The yielding of control comes after a long search for a partner for the French company's struggling Chinese operations. Once the premier foreign supermarket chain locally, it failed to adjust to the onslaught of e-commerce in recent years and sales slumped.
The shares rose as much as 2.9% early Monday in Paris.
Carrefour will retain a 20% stake and two seats out of seven on the China unit’s Supervisory Board, it said in a statement on Sunday. The transaction represents an enterprise value of 1.4 billion euros ($1.6 billion) for Carrefour China, which generated net sales of 3.6 billion euros or 28.5 billion yuan in 2018.
The valuation of Carrefour’s China unit at 0.2 times its 2018 sales -- compared to an industry average of 0.8 times -- is at a "significant discount to peers likely due to poor financial results,” said Citigroup Inc. analysts led by Lydia Ling in a note Monday.
"The consolidation in store network, supply chain, logistics and membership could improve efficiency and profitability for both parties,” said the Citi note.
A growing number of European and American retailers are either scaling back their presence or tying up with local partners in order to stay competitive in China, where e-commerce penetration is one of the highest globally. Walmart Inc., which has a network of around 400 supermarkets, relies on JD.com Inc. for its delivery service, while Germany’s Metro AG is said to be trying to offload a majority stake in its Chinese business.
"The big problem for Carrefour and other western grocery chains is that they have major challenges in their home countries and can’t afford to grow in China,” said Pascal Martin, a Hong Kong-based partner at OC&C Strategy Consultants. "In China, if you want to grow in the groceries space, you have to continue to invest capital in less developed cities.”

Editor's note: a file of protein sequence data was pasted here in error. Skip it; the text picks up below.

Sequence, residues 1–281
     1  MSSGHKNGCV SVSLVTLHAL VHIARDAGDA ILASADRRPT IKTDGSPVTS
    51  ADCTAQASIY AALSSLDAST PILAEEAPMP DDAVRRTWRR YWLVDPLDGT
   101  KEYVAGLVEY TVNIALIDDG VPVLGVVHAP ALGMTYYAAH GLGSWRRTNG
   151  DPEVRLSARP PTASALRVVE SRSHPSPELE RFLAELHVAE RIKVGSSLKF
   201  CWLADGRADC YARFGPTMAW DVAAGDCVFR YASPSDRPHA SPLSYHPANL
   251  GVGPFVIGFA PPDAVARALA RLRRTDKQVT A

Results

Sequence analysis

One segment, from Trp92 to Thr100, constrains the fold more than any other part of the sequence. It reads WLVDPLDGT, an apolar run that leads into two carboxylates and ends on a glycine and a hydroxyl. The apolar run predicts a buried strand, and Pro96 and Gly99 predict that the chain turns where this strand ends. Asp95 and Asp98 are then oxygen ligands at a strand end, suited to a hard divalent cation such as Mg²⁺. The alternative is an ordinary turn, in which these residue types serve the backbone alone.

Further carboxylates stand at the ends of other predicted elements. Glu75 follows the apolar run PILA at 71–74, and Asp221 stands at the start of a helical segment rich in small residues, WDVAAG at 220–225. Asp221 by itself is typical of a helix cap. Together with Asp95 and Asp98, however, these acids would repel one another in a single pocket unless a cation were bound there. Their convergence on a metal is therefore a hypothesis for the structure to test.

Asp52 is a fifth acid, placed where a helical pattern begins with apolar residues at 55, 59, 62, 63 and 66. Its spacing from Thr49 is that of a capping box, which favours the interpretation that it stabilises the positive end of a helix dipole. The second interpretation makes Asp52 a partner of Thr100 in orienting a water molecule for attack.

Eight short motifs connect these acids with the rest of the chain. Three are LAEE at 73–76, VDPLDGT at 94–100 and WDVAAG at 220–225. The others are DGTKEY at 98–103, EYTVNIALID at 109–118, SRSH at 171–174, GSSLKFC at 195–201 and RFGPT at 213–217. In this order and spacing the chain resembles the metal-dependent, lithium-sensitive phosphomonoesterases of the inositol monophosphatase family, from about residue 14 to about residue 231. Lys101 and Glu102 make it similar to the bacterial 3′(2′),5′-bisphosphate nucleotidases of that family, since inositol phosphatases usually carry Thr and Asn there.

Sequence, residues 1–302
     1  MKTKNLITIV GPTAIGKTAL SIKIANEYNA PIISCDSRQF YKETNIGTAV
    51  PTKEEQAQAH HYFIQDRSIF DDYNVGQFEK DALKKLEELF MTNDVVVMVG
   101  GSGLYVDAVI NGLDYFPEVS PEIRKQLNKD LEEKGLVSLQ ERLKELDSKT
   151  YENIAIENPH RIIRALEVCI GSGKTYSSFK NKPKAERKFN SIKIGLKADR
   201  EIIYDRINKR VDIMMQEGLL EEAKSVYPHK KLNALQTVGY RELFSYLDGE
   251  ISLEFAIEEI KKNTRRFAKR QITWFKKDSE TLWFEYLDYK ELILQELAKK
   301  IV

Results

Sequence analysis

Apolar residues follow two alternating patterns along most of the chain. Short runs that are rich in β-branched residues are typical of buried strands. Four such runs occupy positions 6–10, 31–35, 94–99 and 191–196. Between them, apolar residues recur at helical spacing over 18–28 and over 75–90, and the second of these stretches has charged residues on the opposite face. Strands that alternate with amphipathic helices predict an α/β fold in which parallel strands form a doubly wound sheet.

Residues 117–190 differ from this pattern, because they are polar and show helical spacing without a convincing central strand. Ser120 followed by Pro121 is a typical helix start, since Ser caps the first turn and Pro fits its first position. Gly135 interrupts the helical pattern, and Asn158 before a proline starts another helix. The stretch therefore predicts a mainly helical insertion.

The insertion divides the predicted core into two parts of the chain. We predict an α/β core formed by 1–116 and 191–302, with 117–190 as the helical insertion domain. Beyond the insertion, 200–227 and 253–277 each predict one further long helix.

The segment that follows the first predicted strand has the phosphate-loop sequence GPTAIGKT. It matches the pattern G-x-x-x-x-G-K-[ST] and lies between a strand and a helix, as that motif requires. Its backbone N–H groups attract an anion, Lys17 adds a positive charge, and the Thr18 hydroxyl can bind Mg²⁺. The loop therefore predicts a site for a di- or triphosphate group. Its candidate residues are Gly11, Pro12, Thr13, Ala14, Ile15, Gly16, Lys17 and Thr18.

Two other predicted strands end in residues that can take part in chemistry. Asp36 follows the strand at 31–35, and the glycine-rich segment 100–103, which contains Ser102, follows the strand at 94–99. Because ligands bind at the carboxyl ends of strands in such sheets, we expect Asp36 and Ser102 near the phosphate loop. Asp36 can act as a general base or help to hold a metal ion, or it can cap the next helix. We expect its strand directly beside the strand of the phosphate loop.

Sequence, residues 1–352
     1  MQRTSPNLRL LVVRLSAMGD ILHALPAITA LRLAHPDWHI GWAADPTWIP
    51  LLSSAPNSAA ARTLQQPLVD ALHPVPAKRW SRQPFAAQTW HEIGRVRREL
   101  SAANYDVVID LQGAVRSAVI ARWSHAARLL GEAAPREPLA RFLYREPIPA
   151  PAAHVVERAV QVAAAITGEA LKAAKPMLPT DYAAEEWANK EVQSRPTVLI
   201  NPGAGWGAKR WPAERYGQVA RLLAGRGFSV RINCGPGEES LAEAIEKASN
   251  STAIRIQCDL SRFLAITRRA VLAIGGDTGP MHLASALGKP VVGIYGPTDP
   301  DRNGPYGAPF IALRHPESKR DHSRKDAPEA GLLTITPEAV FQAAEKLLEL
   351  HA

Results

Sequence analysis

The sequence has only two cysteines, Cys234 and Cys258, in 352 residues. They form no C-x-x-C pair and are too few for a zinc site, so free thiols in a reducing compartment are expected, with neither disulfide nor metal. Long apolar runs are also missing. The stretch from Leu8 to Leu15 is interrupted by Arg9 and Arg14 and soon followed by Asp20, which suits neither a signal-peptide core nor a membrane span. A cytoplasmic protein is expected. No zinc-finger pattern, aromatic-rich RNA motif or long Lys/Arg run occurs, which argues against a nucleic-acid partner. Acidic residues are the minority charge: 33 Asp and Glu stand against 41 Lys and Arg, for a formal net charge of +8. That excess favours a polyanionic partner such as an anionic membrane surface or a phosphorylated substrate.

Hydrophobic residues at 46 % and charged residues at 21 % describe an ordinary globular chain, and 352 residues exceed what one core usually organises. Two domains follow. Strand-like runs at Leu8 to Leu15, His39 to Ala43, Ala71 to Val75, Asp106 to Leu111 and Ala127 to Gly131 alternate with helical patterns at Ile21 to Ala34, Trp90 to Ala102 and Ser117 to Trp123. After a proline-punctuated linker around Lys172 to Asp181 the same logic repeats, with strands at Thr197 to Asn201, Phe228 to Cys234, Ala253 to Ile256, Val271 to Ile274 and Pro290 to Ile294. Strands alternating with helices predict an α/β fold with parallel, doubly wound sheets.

End of an Era
It’s the end of an era for one of the first foreign brands to gain a loyal following among Chinese consumers. Carrefour entered the country in 1995, ahead of Walmart, and its massive hypermarkets where one could buy fresh pork along with a TV ushered in a new style of shopping for a country just opening up to the outside world.
But it has struggled to maintain profitability as buyers moved online rapidly in recent years, a shift that’s favored home-grown giants like Alibaba Group Holding Ltd. Despite efforts to digitize its operations, and an initiative to rent out store space to local retailer Gome Retail Holdings, Carrefour’s China sales declined about 10 percent last year to 3.6 billion euros, according to the company’s annual report.
Earnings before interest, tax, depreciation and amortization were 66 million euros or 516 million yuan last year. It operates 210 hypermarkets and 24 convenience stores in China currently.
For Nanjing-based Suning, primarily an electronics retailer, the deal will help it cut procurement and logistics costs and boost profitability, the company said in a statement Sunday. Its Shenzhen-listed shares rose as much as 6.5% in early trading on Monday as investors rewarded the retailer for closing the deal at a low price.
Alibaba holds a 20% stake in Suning and the two companies are closely allied. They’ve been investing in brick-and-mortar retailers with the goal of building an empire where offline and online shopping are seamlessly integrated.
Earlier this year, Suning bought 37 department stores from Wanda Group, while Alibaba paid $2.9 billion in 2017 for a 36% stake in Sun Art Retail Group Ltd., China’s biggest supermarket chain. The Carrefour deal is likely to strengthen Alibaba’s foothold in the fiercely competitive groceries market in China.
The acquisition has been cleared by Carrefour’s board and is expected to close by year end, but still needs approval from the Chinese regulator, said the companies.
Carrefour’s decision to retain a 20% holding shows how China remains a strategic market for global retailers. Keeping that stake will allow it to maintain a foothold in an innovative retail market, a company spokeswoman said Sunday. - Bloomberg
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